Offer a clear path to progression

Most people don’t start a job to stay in it forever, but they may join a company with a view to develop their career and stay within that company. Make it clear to employees about any progression opportunities you can offer and give them advice on how they can achieve this, whether it’s through the training you give or through regular catch ups with a manager.

Try and be flexible

A better work-life balance is regularly one of the top benefits employees are looking for, and as everyone’s personal life varies it can make a huge impact on job satisfaction by offering a level of flexibility. It could be that your employee struggles with childcare so you can allow a day working from home, or perhaps they are getting a delivery so need to start the day later to accommodate – understanding people’s needs outside of work and being able to flex to make it work for your employees will always be well received.

Get feedback

If you want to pin-point exactly what it is that makes your employees want to leave then you need to listen to your employees. Regular surveys that offer a level of anonymity will help keep track of exactly what your employees love, and what they hate so you can get an idea of what you need to change for the future. Ask open questions about things like working environment, company culture and benefits and find out if there is anything you could improve on. Better to face up to any negative truths before it comes to the exit interview after all!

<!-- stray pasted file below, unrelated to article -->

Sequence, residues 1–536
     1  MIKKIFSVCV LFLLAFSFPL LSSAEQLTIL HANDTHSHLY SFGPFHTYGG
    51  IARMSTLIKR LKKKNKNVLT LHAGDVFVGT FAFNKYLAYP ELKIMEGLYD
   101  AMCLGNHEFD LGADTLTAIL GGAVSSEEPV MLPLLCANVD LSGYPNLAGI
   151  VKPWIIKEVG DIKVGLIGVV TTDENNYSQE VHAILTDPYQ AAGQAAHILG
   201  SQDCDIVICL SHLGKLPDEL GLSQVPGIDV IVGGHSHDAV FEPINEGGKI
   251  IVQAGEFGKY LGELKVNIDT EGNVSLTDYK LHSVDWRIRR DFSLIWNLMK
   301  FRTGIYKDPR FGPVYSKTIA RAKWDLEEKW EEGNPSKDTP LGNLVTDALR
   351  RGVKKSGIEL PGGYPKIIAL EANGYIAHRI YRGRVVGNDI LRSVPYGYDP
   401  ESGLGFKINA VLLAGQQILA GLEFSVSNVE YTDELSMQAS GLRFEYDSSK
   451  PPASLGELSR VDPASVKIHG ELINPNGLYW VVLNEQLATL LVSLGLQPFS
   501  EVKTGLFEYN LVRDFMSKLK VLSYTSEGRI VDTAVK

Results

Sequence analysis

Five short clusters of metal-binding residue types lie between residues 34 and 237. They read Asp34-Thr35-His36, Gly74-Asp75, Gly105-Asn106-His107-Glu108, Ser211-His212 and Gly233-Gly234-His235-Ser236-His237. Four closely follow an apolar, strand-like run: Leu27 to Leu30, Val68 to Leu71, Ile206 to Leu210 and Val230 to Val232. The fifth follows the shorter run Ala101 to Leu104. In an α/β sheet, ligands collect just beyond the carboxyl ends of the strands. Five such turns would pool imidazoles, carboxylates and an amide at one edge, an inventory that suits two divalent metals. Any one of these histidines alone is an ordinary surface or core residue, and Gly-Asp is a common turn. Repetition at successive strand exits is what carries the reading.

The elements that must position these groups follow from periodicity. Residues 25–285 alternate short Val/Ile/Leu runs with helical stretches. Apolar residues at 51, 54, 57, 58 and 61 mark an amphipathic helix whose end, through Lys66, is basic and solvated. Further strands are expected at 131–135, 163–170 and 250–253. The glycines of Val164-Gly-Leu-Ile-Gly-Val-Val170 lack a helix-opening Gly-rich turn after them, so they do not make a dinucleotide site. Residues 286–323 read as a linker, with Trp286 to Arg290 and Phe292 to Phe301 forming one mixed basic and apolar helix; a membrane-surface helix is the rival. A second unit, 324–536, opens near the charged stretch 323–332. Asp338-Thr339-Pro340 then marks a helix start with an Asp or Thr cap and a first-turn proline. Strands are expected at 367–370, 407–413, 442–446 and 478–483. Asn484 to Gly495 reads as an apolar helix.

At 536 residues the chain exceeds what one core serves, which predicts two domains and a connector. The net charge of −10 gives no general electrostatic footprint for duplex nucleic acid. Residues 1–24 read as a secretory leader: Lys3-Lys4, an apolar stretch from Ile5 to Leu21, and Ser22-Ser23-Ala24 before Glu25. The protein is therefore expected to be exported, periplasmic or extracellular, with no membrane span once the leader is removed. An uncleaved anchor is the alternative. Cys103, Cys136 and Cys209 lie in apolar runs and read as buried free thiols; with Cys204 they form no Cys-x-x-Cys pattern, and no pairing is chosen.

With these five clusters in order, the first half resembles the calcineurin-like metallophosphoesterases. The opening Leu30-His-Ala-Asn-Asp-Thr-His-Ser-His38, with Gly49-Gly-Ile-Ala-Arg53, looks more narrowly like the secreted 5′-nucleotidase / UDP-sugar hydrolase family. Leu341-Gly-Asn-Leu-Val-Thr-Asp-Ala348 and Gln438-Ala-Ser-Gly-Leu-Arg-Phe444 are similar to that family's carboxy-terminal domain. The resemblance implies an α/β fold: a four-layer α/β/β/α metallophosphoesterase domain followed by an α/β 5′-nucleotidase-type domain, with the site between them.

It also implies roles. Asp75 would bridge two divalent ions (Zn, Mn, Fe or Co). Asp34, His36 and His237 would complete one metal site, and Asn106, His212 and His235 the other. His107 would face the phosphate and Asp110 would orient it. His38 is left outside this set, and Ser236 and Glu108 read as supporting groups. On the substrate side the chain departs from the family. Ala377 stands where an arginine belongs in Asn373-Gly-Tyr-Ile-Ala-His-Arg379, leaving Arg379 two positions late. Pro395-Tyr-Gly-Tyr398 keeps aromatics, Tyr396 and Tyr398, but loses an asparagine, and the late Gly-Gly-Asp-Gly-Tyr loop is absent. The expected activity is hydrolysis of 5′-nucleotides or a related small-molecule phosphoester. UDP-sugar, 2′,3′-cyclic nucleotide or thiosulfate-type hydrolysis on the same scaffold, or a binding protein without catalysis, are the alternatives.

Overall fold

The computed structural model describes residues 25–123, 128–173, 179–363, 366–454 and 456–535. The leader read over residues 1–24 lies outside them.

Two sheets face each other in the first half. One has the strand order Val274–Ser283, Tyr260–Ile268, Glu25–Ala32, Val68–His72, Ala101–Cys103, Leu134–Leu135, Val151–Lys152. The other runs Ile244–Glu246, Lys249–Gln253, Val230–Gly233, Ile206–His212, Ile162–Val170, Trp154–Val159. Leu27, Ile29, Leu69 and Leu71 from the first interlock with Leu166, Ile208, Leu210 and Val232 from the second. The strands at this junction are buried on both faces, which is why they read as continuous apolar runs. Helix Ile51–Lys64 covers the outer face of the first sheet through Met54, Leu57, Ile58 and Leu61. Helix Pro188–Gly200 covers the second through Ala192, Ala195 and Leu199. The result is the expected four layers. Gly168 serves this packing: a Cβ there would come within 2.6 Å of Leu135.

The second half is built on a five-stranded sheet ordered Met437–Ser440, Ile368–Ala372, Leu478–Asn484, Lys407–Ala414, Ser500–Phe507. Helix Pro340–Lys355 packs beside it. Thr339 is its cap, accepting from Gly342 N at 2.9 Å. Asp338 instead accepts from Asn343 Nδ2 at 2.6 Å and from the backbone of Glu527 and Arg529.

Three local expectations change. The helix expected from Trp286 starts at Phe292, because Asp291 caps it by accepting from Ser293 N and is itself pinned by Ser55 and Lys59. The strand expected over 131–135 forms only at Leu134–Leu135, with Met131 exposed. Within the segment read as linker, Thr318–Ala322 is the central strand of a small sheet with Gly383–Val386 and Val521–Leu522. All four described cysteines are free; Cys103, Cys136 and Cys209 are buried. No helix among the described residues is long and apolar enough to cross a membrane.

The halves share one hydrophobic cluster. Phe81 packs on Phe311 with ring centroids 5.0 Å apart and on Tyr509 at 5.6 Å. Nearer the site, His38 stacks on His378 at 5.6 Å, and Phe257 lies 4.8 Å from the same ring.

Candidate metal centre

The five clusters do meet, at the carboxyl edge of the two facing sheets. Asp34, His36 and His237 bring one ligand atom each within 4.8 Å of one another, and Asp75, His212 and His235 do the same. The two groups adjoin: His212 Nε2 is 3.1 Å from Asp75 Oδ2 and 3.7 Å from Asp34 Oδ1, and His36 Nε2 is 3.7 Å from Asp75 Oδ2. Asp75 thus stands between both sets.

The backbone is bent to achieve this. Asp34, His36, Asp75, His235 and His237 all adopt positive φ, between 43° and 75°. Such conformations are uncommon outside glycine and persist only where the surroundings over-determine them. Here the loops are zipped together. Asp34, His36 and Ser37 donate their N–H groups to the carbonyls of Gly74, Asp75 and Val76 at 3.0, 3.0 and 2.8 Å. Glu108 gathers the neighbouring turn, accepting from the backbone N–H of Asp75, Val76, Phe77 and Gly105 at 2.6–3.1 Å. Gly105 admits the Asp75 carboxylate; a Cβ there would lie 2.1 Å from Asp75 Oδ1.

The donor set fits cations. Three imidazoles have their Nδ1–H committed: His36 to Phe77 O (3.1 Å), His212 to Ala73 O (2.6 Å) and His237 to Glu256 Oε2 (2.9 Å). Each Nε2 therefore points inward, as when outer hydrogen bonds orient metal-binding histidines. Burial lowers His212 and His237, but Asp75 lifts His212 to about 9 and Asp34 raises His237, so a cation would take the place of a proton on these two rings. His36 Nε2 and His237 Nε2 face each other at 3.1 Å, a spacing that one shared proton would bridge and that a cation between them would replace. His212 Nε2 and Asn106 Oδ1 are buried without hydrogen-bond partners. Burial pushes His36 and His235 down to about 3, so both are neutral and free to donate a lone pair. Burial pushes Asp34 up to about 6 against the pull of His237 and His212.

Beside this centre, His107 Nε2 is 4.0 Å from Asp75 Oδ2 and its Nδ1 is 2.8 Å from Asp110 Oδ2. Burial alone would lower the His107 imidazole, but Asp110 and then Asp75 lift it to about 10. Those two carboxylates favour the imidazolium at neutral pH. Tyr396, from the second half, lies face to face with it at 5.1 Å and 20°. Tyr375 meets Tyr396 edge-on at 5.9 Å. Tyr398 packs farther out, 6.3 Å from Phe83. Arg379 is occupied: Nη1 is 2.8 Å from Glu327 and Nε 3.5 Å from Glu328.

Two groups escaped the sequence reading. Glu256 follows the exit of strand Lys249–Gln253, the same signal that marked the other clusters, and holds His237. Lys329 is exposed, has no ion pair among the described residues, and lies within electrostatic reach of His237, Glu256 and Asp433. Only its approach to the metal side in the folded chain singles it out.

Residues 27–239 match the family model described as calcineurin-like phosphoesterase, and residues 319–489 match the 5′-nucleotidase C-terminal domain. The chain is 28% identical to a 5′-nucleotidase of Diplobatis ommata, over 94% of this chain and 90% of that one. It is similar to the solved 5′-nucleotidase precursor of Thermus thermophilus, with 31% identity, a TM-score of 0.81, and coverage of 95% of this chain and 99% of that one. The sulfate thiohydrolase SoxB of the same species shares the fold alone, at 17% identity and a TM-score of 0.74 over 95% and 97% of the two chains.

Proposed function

Nip those toxic employees in the bud

One bad employee can upset the whole apple cart, so if you have someone who is overly negative, annoys the rest of the team and makes others work life miserable then you need to deal with it before it causes your top performers to quit. It’s not just a case of sacking the bad apple’s either, you need to talk to the employee in question and find out what’s causing their behaviour – if it’s work related then there may be a bigger issue you need to address.

Offer training and development

Make sure you speak to your employees regularly to understand what their aspirations are and what’s driving them in their career. Anything that develops their skills and makes them better at their job is a bonus for you, so if they are keen to gain new qualifications you should consider helping them achieve this. It could be that you pay for external training, or give them the freedom to take on a college course one day a week. If you can’t offer them the training and development your employees aspire to then they may jump ship to a company that will!

A benefits package that people want

Sometimes it’s those added extras that get you motivated to go to work, and everyone has a different idea of what makes a great benefit in work. Conduct regular surveys so you can see which perks people love and if there is anything that you could add that would make a big difference. Obviously you’re not expected to implement EVERYTHING your employees ask for, but it will keep you informed of the things that makes your employees happy, and ultimately what makes them stay.